It is not clear when the embassies in Sanaa will reopen
The closure of three embassies in Yemen followed local security forces losing track of six trucks full of arms and explosives, say reports from Yemen.
France announced its mission in the capital Sanaa was shut on Monday, a day after the US and UK closed theirs.
It comes after threats from an al-Qaeda wing linked to an alleged plot to blow up a transatlantic plane over the US.
But the UK Foreign Office said it was unaware of such a threat, and denied it was the cause for the embassy closure.
Yemeni government sources, meanwhile, said their forces had shot dead two militants north of Sanaa.
A Yemen-based group called Al-Qaeda in the Arabian Peninsula (Aqap) last week urged attacks on "crusaders" in embassies, as it claimed an alleged attempt to bomb a US airliner on Christmas Day.
The US shut its embassy in Sanaa on Sunday, citing "ongoing threats" by the militant organisation, and the UK followed suit.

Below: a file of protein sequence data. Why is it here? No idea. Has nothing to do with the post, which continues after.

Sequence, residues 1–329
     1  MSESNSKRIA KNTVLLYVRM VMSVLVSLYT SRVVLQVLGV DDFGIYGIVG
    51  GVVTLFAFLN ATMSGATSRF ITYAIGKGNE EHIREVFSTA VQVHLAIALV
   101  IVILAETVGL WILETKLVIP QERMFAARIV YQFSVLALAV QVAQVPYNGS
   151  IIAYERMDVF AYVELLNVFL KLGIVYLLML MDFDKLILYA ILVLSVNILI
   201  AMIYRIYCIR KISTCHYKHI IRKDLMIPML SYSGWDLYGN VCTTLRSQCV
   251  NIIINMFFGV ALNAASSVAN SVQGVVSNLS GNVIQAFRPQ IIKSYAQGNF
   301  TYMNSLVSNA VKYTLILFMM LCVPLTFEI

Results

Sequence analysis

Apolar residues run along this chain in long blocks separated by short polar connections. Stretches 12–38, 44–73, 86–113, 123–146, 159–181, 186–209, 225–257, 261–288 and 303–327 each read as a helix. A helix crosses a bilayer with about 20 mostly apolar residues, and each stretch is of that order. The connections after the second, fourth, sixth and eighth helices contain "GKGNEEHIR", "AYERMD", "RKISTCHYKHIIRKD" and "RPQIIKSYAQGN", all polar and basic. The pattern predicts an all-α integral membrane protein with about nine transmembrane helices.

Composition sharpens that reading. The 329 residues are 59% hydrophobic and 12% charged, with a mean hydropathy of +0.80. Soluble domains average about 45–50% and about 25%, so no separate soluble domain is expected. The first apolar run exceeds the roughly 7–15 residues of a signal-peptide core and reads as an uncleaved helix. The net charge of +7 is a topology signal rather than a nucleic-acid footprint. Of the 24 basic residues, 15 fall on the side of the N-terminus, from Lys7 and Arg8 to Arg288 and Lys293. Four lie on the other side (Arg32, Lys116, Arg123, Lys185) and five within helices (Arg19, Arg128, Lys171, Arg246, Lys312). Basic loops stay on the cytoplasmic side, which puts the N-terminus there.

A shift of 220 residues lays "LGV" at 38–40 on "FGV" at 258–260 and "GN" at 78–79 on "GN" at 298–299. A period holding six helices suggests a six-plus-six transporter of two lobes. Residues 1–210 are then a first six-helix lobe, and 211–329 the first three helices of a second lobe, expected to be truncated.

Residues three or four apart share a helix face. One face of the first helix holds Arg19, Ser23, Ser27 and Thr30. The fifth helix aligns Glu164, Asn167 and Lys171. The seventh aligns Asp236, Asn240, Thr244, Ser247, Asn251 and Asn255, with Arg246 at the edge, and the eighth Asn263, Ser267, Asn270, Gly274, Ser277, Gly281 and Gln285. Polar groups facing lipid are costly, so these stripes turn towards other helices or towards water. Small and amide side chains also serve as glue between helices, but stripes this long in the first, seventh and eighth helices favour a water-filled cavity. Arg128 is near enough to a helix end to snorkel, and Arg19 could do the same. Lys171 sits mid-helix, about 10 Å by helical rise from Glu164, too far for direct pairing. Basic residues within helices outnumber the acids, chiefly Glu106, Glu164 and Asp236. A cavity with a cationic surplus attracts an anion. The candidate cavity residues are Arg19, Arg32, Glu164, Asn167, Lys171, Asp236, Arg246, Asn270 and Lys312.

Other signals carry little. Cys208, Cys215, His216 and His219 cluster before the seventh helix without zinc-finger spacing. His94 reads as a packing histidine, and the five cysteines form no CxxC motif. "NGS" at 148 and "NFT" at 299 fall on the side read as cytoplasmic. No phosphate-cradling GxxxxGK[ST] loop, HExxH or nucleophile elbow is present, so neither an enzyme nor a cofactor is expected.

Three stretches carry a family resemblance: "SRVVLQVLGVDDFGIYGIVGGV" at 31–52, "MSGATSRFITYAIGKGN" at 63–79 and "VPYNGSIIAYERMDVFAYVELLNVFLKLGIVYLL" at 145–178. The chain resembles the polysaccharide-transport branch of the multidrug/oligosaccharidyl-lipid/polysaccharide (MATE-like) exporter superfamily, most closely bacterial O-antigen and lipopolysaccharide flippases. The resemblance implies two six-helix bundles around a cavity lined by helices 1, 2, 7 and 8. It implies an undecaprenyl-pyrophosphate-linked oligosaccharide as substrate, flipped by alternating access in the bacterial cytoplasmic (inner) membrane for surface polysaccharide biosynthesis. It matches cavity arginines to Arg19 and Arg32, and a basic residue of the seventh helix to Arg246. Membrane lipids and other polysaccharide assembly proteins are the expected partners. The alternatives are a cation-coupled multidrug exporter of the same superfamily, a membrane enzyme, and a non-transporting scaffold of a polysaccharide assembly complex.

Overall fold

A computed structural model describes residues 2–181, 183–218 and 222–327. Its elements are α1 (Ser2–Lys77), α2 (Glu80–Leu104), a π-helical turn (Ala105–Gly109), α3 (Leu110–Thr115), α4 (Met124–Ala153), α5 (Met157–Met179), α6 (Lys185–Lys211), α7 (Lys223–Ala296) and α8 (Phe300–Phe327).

On Monday, France shut its Yemen embassy, Japan suspended its consular service in Sanaa, and Spain restricted public access to its mission there.
According to Yemeni media, it comes after six trucks full of weapons and explosives entered the capital, and the security forces lost track of the vehicles.
Britain said on Sunday the shutdown was for unspecified security reasons.
BBC security correspondent Frank Gardener says Western embassies in the region are a prime target for al-Qaeda.
The Yemeni authorities have tightened security measures at Sanaa's airport, as well as around a number of embassies.
Meanwhile, all travellers flying to America are now being subjected to tougher screening, introduced by the US government.
Passengers from 14 countries, including those the US deems state-sponsors of terrorism - Cuba, Iran, Sudan and Syria - will face extra searches.
Yemen and Nigeria - through which the main bomb plot suspect, Umar Farouk Abdulmutallab, travelled - also face the new restrictions.
Passengers flying from other countries will be checked at random.